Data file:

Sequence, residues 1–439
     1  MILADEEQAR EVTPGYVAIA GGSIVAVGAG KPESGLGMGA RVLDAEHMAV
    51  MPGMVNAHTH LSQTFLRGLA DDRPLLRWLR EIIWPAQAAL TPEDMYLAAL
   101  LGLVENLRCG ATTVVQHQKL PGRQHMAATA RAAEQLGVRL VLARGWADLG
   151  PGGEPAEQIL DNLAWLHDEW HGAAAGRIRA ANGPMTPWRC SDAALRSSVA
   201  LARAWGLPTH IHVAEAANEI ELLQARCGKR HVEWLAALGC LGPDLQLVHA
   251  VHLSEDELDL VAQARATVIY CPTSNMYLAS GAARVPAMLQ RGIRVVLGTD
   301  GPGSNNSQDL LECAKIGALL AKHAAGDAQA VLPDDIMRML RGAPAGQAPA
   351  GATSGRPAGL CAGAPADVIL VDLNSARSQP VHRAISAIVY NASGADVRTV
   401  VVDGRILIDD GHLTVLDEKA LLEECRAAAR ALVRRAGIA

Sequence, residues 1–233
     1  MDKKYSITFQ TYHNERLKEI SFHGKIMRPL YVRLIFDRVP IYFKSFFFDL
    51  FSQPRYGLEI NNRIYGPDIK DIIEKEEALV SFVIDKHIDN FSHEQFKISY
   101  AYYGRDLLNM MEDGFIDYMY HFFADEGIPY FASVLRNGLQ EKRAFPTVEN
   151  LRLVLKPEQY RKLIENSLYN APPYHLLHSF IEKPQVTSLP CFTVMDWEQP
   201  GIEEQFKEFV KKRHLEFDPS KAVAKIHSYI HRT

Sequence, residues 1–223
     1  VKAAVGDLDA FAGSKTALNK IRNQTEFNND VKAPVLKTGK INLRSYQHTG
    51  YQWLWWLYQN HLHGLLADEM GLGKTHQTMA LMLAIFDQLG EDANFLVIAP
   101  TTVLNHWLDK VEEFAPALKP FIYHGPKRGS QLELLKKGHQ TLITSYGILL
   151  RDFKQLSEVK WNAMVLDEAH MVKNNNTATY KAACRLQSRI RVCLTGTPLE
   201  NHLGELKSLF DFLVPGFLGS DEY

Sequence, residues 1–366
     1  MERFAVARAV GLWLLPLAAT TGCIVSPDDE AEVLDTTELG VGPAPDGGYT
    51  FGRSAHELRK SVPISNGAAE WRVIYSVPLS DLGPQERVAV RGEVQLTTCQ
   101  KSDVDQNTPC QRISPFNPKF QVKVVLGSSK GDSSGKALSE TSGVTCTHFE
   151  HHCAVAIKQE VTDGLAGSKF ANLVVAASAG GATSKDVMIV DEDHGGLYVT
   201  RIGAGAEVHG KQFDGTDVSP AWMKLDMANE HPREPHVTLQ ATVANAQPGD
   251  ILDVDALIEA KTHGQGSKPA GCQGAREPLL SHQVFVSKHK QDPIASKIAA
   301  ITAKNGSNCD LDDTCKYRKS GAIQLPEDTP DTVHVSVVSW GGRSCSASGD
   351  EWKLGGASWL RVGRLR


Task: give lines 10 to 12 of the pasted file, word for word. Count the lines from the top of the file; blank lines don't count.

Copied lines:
   401  VVDGRILIDD GHLTVLDEKA LLEECRAAAR ALVRRAGIA

Sequence, residues 1–233
     1  MDKKYSITFQ TYHNERLKEI SFHGKIMRPL YVRLIFDRVP IYFKSFFFDL